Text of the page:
Biomechanics of accommodation

Project: Research project

Project Details

Description

PROJECT ABSTRACT Presbyopia, the progressive age-related loss of near visual function, is associated with a stiffening of the crystalline lens. There are currently several investigational approaches for presbyopia treatment that rely on lens softening or lens replacement with softer materials. Lens softening approaches are expected to have a transformative impact on the field because they are non-invasive and they preserve the anatomical relationship between the lens and other tissues involved in accommodation. They have therefore the potential to restore the natural dynamic accommodative function. However, one of the fundamental roadblocks towards the development of lens softening procedures is that there is currently no method available to directly measure lens stiffness and thus assess the efficacy of lens softening procedures in vivo. The goal of the project is to develop new technology capable of precise spatially-resolved non-destructive, noninvasive and depth-resolved quantitative measurements of the lens mechanical properties in a clinical setting. The technology will combine Brillouin microscopy, Optical Coherence Tomography (OCT), and Optical Coherence Elastography (OCE) - BOE. The instrument will be used to generate the first age-dependent data on lens mechanical properties quantified in vivo as well as quantitatively assess therapeutic procedures aimed to restore accommodation. Our overall hypothesis is that the novel BOE technology can acquire absolute measurements of the lens stiffness gradient with the accuracy and precision required to detect both age-related changes and changes induced by lens softening treatments. The ability to quantify lens softening in vivo will have a major impact on pre-clinical and clinical testing, validation and optimization of lens softening procedures. The project has three specific aims: Aim 1: Develop a combined BOE imaging device for depth-resolved quantitative lens elastography. Aim 2: Validate BOE measurements in animal and human lens ex vivo and animal lens in vivo. Aim 3: Quantify the mechanical properties of the human lens in vivo To accomplish our objective, we have assembled a multidisciplinary team with expertise in optical coherence tomography and elastography (Larin), Brillouin technology (Scarcelli), biomechanical modeling (Aglyamov), clinical ophthalmic instrumentation and crystalline lens physiology (Manns, Parel, Ruggeri, Yoo).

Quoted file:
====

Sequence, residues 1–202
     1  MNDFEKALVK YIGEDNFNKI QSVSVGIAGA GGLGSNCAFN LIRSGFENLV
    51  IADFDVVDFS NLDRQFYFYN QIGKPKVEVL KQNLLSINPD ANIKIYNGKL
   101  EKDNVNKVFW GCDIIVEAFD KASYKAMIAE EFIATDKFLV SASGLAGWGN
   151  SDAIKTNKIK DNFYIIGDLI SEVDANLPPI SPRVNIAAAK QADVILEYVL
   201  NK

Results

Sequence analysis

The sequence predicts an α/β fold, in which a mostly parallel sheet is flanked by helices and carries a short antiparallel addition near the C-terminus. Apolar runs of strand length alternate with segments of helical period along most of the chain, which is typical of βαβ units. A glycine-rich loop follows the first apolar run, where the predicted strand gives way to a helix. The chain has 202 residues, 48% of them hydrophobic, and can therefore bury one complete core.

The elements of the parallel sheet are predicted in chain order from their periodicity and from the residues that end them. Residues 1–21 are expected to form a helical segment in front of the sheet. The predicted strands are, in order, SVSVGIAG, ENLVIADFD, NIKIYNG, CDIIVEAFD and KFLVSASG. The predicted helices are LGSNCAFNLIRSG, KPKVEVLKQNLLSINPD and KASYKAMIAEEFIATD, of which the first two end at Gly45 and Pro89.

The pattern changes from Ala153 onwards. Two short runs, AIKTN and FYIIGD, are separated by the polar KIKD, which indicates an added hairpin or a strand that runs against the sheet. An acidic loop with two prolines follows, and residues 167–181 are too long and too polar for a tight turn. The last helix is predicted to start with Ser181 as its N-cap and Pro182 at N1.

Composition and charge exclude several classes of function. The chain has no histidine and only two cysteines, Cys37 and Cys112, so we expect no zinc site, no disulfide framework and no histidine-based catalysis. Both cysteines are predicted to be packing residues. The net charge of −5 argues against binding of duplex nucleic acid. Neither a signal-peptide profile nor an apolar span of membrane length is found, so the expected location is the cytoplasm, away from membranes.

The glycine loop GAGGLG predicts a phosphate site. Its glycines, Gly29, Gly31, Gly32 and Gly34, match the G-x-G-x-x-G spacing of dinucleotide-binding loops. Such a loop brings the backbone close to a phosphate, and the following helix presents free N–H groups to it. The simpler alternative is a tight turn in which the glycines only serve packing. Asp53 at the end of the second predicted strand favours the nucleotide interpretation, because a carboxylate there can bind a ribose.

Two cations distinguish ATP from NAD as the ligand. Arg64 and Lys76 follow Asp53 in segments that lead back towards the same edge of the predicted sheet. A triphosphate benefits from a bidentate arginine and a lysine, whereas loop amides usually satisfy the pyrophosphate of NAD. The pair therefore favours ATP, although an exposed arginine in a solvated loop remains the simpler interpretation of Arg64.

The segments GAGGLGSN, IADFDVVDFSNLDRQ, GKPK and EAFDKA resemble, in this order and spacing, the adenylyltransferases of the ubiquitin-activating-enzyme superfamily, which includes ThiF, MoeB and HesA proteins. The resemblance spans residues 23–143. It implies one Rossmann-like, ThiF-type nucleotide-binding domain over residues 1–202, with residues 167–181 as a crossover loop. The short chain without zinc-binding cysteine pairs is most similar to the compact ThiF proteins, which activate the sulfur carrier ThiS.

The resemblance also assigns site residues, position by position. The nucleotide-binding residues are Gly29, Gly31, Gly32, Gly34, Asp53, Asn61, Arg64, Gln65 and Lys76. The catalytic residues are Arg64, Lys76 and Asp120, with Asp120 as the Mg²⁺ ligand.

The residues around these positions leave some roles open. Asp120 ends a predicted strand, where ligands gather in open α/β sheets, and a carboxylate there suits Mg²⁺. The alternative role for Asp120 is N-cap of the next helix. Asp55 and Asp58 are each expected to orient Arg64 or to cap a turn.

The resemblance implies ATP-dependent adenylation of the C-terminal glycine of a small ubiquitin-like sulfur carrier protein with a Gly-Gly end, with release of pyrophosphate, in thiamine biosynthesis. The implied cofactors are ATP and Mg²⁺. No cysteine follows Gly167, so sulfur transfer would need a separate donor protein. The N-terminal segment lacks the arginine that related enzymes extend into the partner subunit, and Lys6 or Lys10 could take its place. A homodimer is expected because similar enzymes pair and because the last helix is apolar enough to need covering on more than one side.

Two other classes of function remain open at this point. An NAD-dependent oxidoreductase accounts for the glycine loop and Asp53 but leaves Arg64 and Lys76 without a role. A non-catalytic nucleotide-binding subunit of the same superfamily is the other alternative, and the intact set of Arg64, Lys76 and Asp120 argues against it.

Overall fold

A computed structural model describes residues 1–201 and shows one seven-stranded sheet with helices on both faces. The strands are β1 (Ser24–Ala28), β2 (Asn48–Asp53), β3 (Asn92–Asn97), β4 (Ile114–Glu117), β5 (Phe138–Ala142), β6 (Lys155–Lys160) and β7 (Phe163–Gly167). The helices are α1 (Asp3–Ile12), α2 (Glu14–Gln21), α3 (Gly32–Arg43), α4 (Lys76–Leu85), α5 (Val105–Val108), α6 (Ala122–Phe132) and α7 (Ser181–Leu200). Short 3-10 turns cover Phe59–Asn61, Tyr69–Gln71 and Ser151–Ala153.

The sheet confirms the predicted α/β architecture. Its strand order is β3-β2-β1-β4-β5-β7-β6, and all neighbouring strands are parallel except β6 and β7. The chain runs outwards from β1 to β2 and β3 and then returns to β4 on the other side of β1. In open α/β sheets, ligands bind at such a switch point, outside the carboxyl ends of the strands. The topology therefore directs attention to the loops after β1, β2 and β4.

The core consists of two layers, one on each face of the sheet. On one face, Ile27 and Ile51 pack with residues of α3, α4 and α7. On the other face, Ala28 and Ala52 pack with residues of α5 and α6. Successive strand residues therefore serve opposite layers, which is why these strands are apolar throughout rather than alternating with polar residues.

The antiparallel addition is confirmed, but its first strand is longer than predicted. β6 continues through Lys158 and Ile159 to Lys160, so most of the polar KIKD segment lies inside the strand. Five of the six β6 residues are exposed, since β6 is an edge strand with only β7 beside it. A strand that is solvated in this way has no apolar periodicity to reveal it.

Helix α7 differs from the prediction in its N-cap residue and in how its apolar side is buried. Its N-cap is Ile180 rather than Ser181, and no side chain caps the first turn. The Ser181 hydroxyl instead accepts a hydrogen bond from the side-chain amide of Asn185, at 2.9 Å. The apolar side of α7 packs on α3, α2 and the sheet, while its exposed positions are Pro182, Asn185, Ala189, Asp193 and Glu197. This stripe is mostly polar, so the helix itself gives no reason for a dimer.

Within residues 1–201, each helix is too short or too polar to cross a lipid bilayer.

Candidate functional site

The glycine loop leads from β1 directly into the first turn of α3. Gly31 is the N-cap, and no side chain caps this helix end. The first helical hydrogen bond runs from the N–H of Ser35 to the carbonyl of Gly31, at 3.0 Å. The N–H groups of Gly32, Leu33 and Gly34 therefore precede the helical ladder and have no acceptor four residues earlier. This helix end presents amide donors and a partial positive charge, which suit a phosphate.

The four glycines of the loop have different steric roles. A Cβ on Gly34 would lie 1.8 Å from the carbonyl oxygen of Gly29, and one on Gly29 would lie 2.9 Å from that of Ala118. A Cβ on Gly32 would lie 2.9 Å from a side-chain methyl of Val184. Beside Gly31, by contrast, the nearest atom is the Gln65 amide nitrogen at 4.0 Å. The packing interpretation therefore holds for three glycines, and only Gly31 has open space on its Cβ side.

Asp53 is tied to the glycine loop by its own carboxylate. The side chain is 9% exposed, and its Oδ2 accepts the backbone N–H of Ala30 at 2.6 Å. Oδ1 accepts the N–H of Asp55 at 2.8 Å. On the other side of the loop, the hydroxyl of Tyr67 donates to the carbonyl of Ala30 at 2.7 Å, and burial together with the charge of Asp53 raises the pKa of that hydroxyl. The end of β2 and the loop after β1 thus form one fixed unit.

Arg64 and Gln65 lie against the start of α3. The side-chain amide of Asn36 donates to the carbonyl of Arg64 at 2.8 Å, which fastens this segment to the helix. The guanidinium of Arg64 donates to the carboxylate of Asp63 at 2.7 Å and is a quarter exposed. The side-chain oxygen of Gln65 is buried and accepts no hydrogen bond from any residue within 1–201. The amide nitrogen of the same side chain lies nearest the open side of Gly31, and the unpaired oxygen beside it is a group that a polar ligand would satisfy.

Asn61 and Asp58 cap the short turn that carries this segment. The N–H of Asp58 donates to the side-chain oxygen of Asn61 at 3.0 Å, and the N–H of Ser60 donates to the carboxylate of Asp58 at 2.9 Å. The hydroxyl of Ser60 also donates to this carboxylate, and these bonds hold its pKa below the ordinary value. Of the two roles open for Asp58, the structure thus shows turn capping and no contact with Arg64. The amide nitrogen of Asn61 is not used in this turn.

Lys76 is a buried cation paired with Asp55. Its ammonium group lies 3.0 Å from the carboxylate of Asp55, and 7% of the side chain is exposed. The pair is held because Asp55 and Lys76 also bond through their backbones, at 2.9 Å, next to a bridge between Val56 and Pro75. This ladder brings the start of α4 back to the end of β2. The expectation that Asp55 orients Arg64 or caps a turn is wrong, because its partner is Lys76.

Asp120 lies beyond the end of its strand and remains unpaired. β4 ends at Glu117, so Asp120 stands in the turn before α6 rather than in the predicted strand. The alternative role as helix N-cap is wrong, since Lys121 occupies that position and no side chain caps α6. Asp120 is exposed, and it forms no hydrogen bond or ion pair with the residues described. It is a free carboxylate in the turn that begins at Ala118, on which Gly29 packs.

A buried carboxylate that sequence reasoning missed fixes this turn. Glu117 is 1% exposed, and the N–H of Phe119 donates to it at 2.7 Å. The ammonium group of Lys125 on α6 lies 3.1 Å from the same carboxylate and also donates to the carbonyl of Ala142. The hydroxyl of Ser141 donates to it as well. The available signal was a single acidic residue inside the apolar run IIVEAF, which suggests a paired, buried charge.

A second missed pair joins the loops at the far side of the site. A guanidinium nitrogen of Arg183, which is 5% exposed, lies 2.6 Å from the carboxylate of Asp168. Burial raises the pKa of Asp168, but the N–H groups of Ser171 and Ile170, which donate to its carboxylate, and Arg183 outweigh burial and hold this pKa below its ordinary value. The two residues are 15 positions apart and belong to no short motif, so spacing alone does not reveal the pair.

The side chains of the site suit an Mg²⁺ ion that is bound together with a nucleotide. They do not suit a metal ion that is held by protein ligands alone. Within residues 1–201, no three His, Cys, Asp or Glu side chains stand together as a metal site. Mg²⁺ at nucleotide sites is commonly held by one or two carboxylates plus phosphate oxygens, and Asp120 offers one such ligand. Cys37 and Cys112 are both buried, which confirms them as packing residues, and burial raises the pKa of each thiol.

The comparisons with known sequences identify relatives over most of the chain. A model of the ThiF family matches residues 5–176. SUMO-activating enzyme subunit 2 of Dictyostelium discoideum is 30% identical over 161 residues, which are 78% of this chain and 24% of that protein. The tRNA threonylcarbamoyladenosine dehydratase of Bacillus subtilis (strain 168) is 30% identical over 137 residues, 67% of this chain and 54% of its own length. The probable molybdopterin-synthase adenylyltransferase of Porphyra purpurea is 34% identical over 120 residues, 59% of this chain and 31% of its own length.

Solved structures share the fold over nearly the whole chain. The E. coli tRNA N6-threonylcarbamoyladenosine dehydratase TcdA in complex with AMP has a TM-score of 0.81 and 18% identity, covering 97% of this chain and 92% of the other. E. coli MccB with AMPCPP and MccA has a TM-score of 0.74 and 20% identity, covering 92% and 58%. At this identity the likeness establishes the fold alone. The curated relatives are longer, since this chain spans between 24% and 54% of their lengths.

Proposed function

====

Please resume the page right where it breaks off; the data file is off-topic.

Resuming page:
StatusActive
Effective start/end date7/1/216/30/22

Funding

  • National Eye Institute: $581,999.00

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